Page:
I realize there's a bunch of stuff out there that adapts Dark Sun to 3.5. Now that 5th edition is here, I'm thinking I might have a go of adapting it to Dark Sun on my own. I'll probably wait until all the core books have been released, so I've got some time. If I ever get around to this little project, I'll be sure to let you guys know about it. However, if the freelance train gets rolling here pretty soon, I probably won't have time for it. Such is life,
|Brom's art really sold the world of Athas.|
I guess this wraps up #RPGaDay, given that August is over and September is here. I'm sort of surprised I stuck with it (though I was late on a couple of occasions). Feel free to follow me or my blog. You can even find me on Twitter @BarrierPeaks. I can't guarantee I'll update daily, but I'll do my best to keep this thing alive.
30 August 2014
I've got an extensive collection of RPG books. I've been dragging these things around for years and years. I remember finding a copy of Deities & Demigods that included the Cthulhu mythos, and I was ecstatic. I don't know what it goes for now, or how rare it really is.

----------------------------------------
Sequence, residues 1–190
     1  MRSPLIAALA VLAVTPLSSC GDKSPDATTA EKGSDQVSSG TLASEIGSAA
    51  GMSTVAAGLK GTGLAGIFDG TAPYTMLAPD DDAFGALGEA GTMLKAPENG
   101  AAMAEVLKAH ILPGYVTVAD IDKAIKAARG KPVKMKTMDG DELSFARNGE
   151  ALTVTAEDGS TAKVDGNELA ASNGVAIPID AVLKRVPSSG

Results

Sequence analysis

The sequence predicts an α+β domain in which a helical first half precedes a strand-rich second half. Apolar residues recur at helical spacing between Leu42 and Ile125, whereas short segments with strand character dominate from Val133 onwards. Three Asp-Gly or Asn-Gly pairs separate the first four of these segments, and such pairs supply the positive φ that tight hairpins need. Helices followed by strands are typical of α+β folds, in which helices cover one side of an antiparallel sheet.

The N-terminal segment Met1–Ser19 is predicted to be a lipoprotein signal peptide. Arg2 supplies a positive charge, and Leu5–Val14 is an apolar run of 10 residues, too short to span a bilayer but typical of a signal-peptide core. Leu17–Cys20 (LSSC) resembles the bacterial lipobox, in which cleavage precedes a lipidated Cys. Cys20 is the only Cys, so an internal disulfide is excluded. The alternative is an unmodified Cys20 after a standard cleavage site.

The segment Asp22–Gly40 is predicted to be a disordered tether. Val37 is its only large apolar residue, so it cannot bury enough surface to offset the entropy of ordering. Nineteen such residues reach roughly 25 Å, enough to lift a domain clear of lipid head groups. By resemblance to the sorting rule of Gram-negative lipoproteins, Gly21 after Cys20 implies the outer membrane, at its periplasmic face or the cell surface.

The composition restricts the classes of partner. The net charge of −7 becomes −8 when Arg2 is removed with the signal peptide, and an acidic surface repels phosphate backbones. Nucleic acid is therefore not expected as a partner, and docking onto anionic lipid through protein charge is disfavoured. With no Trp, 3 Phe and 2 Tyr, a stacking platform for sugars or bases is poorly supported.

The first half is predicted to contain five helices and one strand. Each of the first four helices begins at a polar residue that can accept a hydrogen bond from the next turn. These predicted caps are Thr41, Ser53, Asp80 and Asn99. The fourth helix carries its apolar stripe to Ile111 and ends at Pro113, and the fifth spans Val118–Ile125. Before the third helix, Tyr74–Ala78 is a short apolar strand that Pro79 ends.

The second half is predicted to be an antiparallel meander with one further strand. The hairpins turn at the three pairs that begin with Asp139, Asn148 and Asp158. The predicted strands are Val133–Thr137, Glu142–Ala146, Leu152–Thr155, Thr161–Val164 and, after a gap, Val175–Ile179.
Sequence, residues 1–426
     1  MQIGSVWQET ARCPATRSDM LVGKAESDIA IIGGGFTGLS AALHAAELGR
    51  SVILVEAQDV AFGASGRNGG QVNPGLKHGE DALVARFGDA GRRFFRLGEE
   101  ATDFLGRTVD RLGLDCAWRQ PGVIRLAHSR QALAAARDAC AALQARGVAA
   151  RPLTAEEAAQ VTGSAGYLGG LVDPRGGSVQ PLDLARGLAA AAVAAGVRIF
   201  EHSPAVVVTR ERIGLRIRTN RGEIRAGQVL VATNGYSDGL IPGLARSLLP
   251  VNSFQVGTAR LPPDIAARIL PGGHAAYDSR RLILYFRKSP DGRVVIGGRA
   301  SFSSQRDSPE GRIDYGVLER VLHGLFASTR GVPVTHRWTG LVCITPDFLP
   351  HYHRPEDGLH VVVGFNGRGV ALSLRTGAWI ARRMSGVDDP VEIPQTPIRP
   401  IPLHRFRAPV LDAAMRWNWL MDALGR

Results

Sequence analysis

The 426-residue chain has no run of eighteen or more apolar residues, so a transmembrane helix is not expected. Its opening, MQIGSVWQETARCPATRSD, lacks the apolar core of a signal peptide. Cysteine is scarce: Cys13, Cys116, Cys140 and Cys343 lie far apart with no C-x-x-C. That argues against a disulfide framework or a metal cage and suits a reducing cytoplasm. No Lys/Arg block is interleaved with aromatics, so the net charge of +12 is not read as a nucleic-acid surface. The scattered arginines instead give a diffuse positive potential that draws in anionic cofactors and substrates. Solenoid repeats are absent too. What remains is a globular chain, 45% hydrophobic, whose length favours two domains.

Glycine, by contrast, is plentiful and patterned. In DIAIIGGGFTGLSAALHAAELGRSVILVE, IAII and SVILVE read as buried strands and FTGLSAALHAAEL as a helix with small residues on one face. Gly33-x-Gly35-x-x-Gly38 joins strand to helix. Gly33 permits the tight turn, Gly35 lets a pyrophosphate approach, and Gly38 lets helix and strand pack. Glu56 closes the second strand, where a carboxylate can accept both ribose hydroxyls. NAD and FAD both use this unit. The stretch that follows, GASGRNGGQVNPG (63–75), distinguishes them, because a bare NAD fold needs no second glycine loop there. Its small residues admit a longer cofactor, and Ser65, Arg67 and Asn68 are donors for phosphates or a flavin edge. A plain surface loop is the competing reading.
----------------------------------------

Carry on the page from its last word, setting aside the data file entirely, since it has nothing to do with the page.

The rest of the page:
I'm not sure what the values of most of my books and boxed sets are. I know I had a hell of a time finding a copy of The Will and the Way for the original Dark Sun campaign setting. I did find one eventually, and it's nestled in with the rest of my DS books. I tracked down and purchased just about every supplement they produced for that game line, and they're all in pretty good condition.
Another book I could never find was Hideouts and Strongholds for WEG's Star Wars RPG. The stress of not having that book was alleviated when my friend Jay sent me a copy from his collection. I owe him one for that. It also seems that some of the Saga Edition Star Wars books are worth a pretty penny. For instance, Starships of the Galaxy, the first Saga edition SW product I worked on, used to be pretty expensive.
I don't generally keep an eye on RPG prices. I collect them, but I don't do it because they're valuable. I do it because I enjoy gaming.
|Like this. Only without the rat, skull, or sign.|
That's what happened to my wife's character in the original Dark Sun game I ran. Her character, a defiler/thief named Innath, decided to slip into someone's barn on the outskirts of a desert village. While he was sleeping, the barn's owner discovered him, gathered some friends, and decided to mete out some Athasian justice.